Monday, March 01, 2004

From The Postbag: Two

[these are real, btw, I'm not making them up]


I write, as a Jewish reader of your blog, extremely concerned about your lengthy discourse, on a historically and geographically centric event which you attended. Unfortunately, this repetition, of a highly intellectual theological debate, together with a bit of local gossip, has absolutely no relevance to the majority of people who read your blog. In the words of the Archbishop of Canterbury "TOO JEWISH"!

I and many like me, are concerned, that you do not lose sight of the rule of blogdom, which centres around an opportunity to read, the rants and musings of those who do not attend anything of intellectual substance, but sit in a flat, looking for anything to write about by watching television, reading print media and looking out of the window.

This well established creative approach to blogdom, reflects those who read your blog. I went out to the shops sometime in September 2000, but thereafter realised (on installation of one of the first high speed connections), that there was never any need to venture out again.

I receive all intellectual and sexual sustenance from reading from my computer screen. I receive all food from takeaways, I receive all basic provisions from delivery shopping.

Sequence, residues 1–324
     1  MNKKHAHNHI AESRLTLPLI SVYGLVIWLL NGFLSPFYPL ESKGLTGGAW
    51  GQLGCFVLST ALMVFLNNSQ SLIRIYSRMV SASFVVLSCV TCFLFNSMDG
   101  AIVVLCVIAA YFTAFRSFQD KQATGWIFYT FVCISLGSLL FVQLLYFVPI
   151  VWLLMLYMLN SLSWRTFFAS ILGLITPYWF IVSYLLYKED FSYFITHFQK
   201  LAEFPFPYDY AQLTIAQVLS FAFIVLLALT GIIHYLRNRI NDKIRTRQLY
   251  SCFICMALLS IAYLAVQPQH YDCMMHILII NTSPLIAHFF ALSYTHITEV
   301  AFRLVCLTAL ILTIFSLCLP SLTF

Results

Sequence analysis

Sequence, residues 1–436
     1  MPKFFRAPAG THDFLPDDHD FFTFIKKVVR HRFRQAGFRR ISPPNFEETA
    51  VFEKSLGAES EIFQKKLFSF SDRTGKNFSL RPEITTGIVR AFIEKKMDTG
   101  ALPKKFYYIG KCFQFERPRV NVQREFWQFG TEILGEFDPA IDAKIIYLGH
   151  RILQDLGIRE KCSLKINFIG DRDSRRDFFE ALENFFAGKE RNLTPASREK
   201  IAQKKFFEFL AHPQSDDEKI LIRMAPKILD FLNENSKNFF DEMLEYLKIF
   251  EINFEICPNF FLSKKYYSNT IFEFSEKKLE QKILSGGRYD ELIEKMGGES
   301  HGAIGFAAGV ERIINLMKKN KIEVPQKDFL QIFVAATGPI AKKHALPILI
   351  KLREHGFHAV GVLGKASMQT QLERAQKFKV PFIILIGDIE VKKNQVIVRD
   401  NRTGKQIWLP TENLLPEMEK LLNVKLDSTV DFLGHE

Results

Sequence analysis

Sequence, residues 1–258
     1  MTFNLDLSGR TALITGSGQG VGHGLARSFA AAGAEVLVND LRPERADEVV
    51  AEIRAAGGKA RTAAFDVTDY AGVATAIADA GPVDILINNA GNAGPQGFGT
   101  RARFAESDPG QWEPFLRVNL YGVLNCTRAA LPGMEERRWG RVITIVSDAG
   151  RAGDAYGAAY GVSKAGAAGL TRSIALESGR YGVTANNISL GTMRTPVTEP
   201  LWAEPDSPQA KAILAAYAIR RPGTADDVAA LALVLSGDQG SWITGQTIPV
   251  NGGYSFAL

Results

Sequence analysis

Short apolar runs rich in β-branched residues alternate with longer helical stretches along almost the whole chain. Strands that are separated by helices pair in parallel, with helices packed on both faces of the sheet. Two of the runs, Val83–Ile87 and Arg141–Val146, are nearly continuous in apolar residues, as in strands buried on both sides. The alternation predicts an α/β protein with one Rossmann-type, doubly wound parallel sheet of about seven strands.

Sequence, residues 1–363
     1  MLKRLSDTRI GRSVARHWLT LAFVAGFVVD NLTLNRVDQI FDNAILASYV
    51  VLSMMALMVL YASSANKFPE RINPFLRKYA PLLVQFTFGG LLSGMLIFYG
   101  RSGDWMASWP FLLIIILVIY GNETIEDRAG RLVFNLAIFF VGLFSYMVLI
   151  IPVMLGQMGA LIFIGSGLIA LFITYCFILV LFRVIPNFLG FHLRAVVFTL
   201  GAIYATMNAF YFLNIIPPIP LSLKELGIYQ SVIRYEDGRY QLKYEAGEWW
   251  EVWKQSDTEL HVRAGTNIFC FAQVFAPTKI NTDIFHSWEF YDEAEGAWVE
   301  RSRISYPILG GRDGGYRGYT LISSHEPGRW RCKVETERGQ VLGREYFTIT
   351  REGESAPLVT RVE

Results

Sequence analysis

I recently purchased a car on the internet without needing to step outside my door. This last purchase was particularly interesting, because I realised on delivery, that I actually didn't need it (although I did need the process of buying it). I also discovered that my desired part exchange had been stolen. On ringing the police and being asked to confirm when I had last seen the damn thing, the response to my reply of September 2000 revealed, (as I am concerned your recent blog entry does) a fundamental misunderstanding of blog culture.

With this in mind, I hope you will reconsider the aforementioned lengthy entry on your blog, and ensure that standards do not diminish by use of an over-developed intellect.


Blogwatch (presently bored and unemployed)

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